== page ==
Race gap in Boston’s departments must change

It comes as a surprise that Boston’s police and fire departments are “the least racially diverse major city agencies,” according to a report by the city’s Office of Diversity that analyzed municipal payroll data.

The analysis found that the police department is 66 percent white and the fire department is 72 percent white. The city’s workforce overall, which consists of 17,000 employees, is 58 percent white.

This is ironic, not only because Boston is a major destination city for international tourists, but also is home to a diverse population of permanent residents as well. Asians, African-Americans, and Hispanics represent 53 percent of the city’s population, according to The Boston Globe. Diversity is important if we want to live in a world where we accept people from different backgrounds.

By Flickr user Thomas Hawk

Mayor Martin J. Walsh’s creation of the Office of Diversity to hire a more diverse staff could also benefit the city. If police departments start to better reflect the diverse communities they serve, perhaps it will improve the trust between residents and officers, and the departments’ credibility.

Police departments should also hire officers who speak languages other than English. Bilingual officers would not only be able to communicate with different groups of people, but also relate to them from a perspective of a cultural understanding. This could possibly help decrease the recent clashes between police officers and residents, like an incident in Alabama with Sureshbhai Patel.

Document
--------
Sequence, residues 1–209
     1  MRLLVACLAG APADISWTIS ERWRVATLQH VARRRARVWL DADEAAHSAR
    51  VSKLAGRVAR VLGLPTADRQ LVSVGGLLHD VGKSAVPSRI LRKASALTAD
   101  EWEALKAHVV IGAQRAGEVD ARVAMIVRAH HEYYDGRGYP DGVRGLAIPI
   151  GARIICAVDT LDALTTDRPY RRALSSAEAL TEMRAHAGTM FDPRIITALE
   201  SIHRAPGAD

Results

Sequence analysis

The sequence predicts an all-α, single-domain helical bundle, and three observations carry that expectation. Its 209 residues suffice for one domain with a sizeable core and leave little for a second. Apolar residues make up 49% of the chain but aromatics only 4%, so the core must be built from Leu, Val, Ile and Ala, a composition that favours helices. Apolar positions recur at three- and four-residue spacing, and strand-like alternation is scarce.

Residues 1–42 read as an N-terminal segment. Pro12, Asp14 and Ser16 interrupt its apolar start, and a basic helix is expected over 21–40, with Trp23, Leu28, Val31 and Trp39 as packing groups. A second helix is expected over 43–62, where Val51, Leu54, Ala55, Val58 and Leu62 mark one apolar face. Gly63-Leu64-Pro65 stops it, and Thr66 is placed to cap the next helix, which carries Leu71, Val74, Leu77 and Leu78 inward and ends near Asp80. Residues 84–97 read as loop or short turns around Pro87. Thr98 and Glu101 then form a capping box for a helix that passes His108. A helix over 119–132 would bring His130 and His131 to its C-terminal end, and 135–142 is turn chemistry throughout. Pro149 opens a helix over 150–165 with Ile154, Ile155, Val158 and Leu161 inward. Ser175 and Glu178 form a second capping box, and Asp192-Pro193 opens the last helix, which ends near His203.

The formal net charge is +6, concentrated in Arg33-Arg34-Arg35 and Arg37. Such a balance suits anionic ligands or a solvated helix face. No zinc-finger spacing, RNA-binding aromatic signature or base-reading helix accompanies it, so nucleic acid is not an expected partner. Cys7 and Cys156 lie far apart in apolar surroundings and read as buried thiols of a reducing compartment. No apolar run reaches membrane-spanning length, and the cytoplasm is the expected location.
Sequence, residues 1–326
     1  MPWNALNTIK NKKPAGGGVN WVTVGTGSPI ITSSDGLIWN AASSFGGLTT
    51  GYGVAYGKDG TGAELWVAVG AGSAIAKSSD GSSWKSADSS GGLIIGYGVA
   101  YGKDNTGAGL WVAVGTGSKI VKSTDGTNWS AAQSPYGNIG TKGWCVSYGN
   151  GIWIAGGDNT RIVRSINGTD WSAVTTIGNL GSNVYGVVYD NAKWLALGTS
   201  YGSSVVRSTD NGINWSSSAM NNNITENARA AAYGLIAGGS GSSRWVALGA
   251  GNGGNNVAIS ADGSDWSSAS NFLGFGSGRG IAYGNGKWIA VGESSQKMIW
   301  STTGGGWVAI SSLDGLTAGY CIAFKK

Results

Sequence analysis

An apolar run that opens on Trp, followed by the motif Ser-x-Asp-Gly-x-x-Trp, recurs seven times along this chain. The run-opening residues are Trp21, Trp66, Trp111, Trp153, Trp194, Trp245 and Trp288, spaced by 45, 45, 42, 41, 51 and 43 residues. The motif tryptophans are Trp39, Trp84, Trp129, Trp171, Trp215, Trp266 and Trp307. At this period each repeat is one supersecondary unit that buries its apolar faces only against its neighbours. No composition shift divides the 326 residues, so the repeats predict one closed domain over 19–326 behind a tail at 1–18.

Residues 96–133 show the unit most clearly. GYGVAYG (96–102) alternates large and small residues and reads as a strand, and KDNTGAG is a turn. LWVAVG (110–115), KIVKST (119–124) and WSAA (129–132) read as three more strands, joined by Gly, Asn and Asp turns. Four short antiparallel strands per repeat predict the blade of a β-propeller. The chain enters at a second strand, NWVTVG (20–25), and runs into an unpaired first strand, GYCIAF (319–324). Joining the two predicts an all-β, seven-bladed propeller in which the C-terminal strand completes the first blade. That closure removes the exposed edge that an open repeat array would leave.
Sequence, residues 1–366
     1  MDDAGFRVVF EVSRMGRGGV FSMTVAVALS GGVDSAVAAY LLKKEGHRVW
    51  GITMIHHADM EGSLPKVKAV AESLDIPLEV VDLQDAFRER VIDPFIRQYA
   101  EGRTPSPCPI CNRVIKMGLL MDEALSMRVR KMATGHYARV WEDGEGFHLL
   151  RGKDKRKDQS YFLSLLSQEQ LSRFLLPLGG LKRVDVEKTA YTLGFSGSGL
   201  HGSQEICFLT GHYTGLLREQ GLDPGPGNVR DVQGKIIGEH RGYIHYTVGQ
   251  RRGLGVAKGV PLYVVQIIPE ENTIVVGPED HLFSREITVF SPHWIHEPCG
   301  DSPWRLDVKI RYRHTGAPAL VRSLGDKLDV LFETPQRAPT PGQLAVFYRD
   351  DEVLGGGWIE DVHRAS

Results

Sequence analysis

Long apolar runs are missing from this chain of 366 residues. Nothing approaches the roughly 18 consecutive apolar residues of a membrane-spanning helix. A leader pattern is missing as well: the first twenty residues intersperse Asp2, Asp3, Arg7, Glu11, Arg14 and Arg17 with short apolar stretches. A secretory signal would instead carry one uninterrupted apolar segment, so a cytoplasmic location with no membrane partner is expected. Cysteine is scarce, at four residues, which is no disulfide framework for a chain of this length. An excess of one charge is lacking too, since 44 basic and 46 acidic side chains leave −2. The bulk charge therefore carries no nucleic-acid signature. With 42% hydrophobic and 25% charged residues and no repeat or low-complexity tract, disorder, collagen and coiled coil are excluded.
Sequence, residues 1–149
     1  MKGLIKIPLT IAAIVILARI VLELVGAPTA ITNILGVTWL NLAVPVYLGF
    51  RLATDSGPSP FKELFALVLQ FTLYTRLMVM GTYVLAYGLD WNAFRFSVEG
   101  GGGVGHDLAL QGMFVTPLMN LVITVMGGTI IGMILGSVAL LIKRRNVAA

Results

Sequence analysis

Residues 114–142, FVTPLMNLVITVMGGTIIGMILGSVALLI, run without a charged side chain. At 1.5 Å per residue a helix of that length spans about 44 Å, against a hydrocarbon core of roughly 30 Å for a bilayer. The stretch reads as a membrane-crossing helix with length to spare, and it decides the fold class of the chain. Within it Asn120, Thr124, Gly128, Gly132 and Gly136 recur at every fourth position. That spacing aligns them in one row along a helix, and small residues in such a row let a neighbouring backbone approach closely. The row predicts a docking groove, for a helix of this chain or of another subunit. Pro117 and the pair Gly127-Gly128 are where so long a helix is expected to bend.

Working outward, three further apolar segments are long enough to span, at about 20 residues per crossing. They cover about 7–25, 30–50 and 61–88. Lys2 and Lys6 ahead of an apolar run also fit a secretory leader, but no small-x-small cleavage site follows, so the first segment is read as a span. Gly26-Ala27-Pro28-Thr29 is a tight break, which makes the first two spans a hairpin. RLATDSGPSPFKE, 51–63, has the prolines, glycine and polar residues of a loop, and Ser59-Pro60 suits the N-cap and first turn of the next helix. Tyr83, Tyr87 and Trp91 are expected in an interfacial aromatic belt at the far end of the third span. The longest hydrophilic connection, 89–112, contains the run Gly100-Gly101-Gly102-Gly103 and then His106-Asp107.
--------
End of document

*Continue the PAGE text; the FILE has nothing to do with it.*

Patel, an Indian national who speaks very little English, was thrown to the ground by a police officer while visiting his son in Alabama in February, according to ABC News.  He was reported as a suspicious person when he was seen walking around his son’s neighborhood. Dashcam video recorded the assault, which resulted in a neck injury that left Patel partially paralyzed. Patel’s lawyer said Patel was “accosted for his brown skin,” according to The Associated Press.

The majority of the population in my hometown Houston is Hispanic, but according to the New York Times, nearly three-quarters of the city’s police officers are white. Houston’s police department should employ more competent Hispanic officers to connect with the community.

A multicultural workforce, with employees from a variety of racial and ethnic backgrounds, will allow them to learn from one another in ways that will make an impact at work. Each member of the department can bring his or her unique blend of characteristics and cultural experiences to the table that will give them the ability to relate to people on a personal level, and thus allowing them to rethink and reframe issues. This will also help to create a culture that accepts and influences difference.